The census for Umeå parish for 1715 shows Olof Jönsson: husband, wife and daughter. For the year 1716 Olof Jönsson: husband and wife. For 1722 Olof Olofsson: husband, wife, with no information about the home or Lars Frijs, but for 1724 Frijs is missing.

Lars Frijs had a war comrade called Bäckström and one can see in him a connection to Malin Frijs. In Kamma archives for Wästerbotten in 1720 there is a note: Corporal Bäckström and 1st Lieutenant Lars Frijs. They are still named there in 1721 and 1722.

According to Prof. Tallgren who did the research, Lars Frijs came to our parish as early as 1723. The oral tradition tells that when Malin Olofsdotter and Lars Frijs walked along to their home, Malin tore her silk cloak. Their home then was Palo farm; at that time the road was an untrodden forest path - the waterway was used most of the time.

The first visible proof of Lars Frijs at this place is found in the book of births and baptisms. It shows: 1724 19 May, 20 May Palo Lars Frijs Maria Back (Bock) ANNA MARIA. The couple's oldest child, son Anders, is not found in the same book. Was he born in another place? But where? And where did the Frijs couple live between 1722-24?

On 20 May godparents for Anna Maria are noted: merchant Lars Calander and wife, Monsr. Johan Wendelius, maiden Magdalena Langman and from the city Anders Haukilax and wife Maria.

Lars Frijs' first residence in Karleby was in Palo village, located near the house of Anders Haukilax. Haukilax farm is old. It was mentioned as early as 1546. Then the houses were numbered in 1750, and Haukilax was given number 1.

The "bridge burst" between the distant past and the present time when the church books in most of the parishes in the country burned or disappeared during the Stora Ofreden (Great Strife) and all search for the origins of ancestors was impossible. Also the army's list is largely incomplete.

Maria Mejer was evidently of German birth by name. According to municipal archivist Nils Staafs while searching in Stockholm he found, in a register of German parish baptism books, several named Maria Mejer were noted as born but none in the year 1650. In registers of other parish books no Maria Mejer was found. People with the same family name can be found in different parts of our country. In Helsingfors in 1624 there was Simon Mejer. In Åbo ca 1700 there were Hans, Johan, Lorentz and Wijde Mejer; also Herman Meijer.

In Mrs. Emmi Hultman's notes, found in Helsingfors City Archives, mention is made of refugees in Sweden during Stora Ofredan. We find that E. Mejer and his wife Christina left the country and traveled to Stockholm, that Maria Meijer's husband was a prisoner 1714, that Anders Frijs, skipper at Björneborg 13 Oct 1715 was fleeing to Västervik, Sweden. Perhaps this gives a clue for future genealogists.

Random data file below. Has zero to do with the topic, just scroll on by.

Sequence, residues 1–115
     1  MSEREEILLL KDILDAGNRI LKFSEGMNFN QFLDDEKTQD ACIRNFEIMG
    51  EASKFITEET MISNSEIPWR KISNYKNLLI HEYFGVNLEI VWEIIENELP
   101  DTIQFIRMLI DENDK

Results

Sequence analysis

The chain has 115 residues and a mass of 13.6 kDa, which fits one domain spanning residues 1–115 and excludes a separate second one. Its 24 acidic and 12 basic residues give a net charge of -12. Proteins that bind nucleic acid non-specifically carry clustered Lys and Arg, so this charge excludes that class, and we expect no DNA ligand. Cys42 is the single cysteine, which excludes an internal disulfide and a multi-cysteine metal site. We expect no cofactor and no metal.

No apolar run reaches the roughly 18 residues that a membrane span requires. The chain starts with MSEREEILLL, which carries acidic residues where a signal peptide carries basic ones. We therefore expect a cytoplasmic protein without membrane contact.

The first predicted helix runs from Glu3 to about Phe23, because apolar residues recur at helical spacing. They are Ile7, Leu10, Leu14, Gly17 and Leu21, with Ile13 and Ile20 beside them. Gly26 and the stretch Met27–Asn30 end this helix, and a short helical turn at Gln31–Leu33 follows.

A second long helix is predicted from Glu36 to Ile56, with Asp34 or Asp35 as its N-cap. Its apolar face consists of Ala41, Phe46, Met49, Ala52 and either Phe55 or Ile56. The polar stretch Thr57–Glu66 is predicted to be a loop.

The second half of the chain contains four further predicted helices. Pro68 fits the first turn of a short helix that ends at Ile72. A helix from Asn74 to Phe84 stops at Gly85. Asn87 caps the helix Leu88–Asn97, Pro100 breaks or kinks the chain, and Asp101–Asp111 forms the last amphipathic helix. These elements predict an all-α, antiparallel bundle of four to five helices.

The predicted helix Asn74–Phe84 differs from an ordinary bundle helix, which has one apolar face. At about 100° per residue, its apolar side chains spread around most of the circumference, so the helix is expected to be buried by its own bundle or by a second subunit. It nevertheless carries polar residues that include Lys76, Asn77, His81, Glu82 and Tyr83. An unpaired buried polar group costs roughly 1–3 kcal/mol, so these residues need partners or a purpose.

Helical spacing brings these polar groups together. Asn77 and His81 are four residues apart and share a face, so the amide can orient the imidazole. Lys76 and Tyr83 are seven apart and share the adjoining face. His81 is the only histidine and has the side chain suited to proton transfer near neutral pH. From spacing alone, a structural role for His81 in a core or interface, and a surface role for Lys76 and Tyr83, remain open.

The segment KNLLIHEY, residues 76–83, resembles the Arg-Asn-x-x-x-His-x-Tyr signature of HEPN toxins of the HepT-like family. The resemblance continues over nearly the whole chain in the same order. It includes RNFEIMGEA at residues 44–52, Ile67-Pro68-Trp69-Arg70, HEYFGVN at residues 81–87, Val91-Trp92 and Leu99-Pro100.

We return to Lars Frijs' first residence in Karleby - Palo. After Stora Ofreden there were many deserted homes in our parish and many military officials' residences. Lars Frijs was looking for a suitable farm home and thought he would take one of the official's residences after a suitable period of time. There were more of these residences in Österbotten than in southern Finland. Most of the tenant officers took these residences that were deserted. And many of them became farmers which was a credit to our area.

An old document from 1733 kept at Visur revealed that Visur in Vittsar village was a military official's residence. It is among the oldest in present-day Karleby - on the southern shore of a dried up arm of an estuary of Karleby river close to the deserted port at Brantberget from which the large Fordell family carried on trade with the interior country.

According to the 1690 Land Book the Visur crown home was occupied by Jakob Visur, wife Elsa, brother Matts and sister Gertrude until 1714, time of the Russians, then there lived the writer with the Major's company, Corporal Gottfrid Bock, born 1688, died 1764. After peace in 1721 it was inhabited by Matts Jakobsson Visur, born 1670. In 1725 Matts Jakobsson Visur turned his home at Visur over to Lars Frijs, and Matts Visur moved to Paasiala in Nedervetil. Matts Visur returned to Visur and died there 8 Jul 1753 at an old age. In 1739 his son Henrik asked for the house after Lars Frijs bought the Hilli home.

Lars Frijs' Visur - the old Visur - was mentioned in a document kept at the home of family member Frithiof Andersson Björk at Liljeberg. It belongs to the Krumpila home. The place formerly was an island called Bergö. The following homes were found there starting from the estuary: Fordell, Visur, Krumpila, Vesse.

In 1812 Lars Andersson Porko, born in Kaino, was a farmer at Porko in Såka. He was the son of Carin (Catarina) Larsdotter Frijs, born 16 Sep 1753 at Kaino, daughter of Lars Frijs. Lars Andersson appraised his grandfather's former home as a surveyor! We should remember that Lars Frijs lived 8 years at Visur and it is remarkable that his daughter's son should appraise it 87 years later.

A description of old Visur follows: On the north side of the yard:

  1. An old dwelling place without fireplace, with rooms and entrance hall under a rotting birch-bark roof, broken windows and floor. On the other side of the building in front was a little cottage with open fireplace, weakened floor, roof and windows.%%%On the east side of the yard:%%%